Never use chlorinated water in your bait bucket! Also, you need to make sure that you don’t transport lake water from one place to another, as this can release invasive species into new habitats.
Note: It’s critical that you not release invasive species into new habitats. For that reason, you should never mix water from one source with another.
That leaves you two choices: either use a bucket of water from the lake you plan to fish, or let that tap water sit out for a few days to remove the chlorine.
Bring some ice
If your minnows get too hot, they’ll die. It’s usually best to hold them in cool, but not cold water. We suggest a water temperature of 50 to 65 degrees.
We’ve written about choosing the right hook for crappie before, and we’ve reviewed some excellent choices, too. But it’s worth repeating in summary what we said there.
Crappie are often called “papermouths,” and that’s no mistake. For their size, their mouths are large, but they’re also incredibly fragile. While you might use a #8 on similar sized species like bluegill, you want to upsize your hooks for crappie.
We recommend that you run nothing smaller than a #6, and we often use a #4, #2, and even a #1 for large minnows.
Most crappie anglers choose Aberdeen hooks. Designed for panfish, they feature a long shank, a wide gap, and a delicate construction.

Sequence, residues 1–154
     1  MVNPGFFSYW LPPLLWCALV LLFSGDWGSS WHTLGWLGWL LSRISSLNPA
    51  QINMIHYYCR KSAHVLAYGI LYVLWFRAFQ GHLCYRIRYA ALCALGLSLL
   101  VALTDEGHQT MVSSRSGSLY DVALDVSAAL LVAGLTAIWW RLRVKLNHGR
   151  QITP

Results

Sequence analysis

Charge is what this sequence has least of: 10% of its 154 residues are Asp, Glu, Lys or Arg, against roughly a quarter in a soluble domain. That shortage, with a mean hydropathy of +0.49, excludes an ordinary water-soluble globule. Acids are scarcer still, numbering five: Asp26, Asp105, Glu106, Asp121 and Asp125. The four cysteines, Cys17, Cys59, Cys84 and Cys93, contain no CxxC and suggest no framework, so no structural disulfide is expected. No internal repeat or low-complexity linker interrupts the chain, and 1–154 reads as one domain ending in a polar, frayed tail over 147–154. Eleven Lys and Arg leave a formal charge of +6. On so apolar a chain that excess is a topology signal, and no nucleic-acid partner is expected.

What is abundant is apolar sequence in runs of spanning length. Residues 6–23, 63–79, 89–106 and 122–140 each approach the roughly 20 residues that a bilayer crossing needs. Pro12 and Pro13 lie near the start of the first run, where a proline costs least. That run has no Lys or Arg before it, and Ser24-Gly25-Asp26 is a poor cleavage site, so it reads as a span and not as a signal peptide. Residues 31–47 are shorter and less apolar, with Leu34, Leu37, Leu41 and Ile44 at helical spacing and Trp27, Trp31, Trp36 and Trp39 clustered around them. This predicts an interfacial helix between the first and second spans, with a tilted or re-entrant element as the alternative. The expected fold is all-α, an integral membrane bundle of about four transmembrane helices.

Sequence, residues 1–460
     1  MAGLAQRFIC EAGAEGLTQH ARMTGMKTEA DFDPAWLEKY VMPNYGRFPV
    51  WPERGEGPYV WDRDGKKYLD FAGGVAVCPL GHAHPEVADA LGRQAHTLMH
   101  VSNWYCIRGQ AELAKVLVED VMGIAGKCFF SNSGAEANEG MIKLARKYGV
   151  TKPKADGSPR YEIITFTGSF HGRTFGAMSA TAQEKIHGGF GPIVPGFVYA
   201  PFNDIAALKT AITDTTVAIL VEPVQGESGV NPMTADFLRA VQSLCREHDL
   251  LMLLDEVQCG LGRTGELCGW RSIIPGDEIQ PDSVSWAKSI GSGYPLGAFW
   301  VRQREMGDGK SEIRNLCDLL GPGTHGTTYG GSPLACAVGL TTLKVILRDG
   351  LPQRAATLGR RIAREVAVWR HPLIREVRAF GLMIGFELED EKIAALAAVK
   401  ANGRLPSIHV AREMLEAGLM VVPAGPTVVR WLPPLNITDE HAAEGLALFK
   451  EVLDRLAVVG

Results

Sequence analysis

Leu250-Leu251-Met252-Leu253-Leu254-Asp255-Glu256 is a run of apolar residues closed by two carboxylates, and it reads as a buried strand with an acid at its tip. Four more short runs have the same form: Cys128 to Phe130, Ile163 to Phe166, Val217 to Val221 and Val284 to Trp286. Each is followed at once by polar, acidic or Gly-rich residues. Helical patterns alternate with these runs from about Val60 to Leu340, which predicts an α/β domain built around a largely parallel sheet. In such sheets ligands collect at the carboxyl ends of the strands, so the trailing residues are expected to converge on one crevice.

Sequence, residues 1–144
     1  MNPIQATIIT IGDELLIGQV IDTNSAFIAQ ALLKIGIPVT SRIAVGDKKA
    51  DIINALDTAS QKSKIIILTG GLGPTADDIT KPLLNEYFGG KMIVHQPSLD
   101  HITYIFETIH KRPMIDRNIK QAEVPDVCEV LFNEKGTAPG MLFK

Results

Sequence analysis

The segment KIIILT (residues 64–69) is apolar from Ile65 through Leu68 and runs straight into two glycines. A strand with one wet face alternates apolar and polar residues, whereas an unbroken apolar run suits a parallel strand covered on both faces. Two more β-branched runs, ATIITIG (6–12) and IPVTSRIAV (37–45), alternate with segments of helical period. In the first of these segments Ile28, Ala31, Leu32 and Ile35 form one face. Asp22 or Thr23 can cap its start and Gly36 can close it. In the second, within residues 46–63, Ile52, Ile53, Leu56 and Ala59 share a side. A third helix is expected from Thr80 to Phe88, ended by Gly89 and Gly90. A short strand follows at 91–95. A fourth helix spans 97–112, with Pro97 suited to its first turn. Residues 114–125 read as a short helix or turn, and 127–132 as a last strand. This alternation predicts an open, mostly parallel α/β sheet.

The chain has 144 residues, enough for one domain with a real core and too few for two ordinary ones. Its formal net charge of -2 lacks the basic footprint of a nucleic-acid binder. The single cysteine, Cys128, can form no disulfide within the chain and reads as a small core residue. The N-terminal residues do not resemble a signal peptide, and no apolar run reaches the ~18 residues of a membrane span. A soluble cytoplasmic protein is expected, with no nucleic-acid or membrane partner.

There are a number of different ways to hook a live minnow for crappie. The main things to keep in mind are how quickly a given technique kills the minnow and the realization that crappie are going to strike the head first.
demonstrating these 4 techniques
There are plenty of ways to rig your hooks for trolling, tightlining, and slip floating. Let’s review some of the most common.
Most crappie rigs feature two hooks on separate leaders, both of which will be attached to a weighted main line. Whether this rig is dropped to the bottom, suspended over cover from a slip float, or simply tightlined or trolled, the basic setup doesn’t vary too much.
If you want to buy a basic rig, you can do a lot worse than either the Bullet Weights Mr. Crappie Rig or the Eagle Claw Crappie Rig. They’re both well designed and inexpensive, and in our experience, they work really well. After tying them to your line, simply attach a small weight, and they’re ready for minnows.
If you want to make your own, you can experiment with different rigging styles.
In the diagram below, the “crappie or pickerel rig” is very similar to the Eagle Claw you can buy, and those wire spreaders cut down on tangles as the minnows swim around the main line.
With the “Kentucky” and “Basic” rigs, you forgo the spreaders, and the most significant difference between them is simply whether the weight is lowered or attached directly below the lower minnow.
We’d recommend something like the Kentucky rig for fishing the bottom, though we’d switch that standard sinker out for a pencil sinker, because it’s a touch less likely to snag. The basic rig is a great choice when you’re suspending your minnows in the water column, either while tightlining, trolling, or using a slip float.
Whether you use a barrel swivel above your rig, three-way swivels for each dropper, both, or neither, you can experiment to see what works best for you and your conditions.
Live minnows have proven themselves to generations of crappie anglers, and if you’re new to using them, or just haven’t done so in a while, we hope that our guide has helped you build the confidence to give them a try.
Let us know how these tips worked for you, and please leave us a comment below!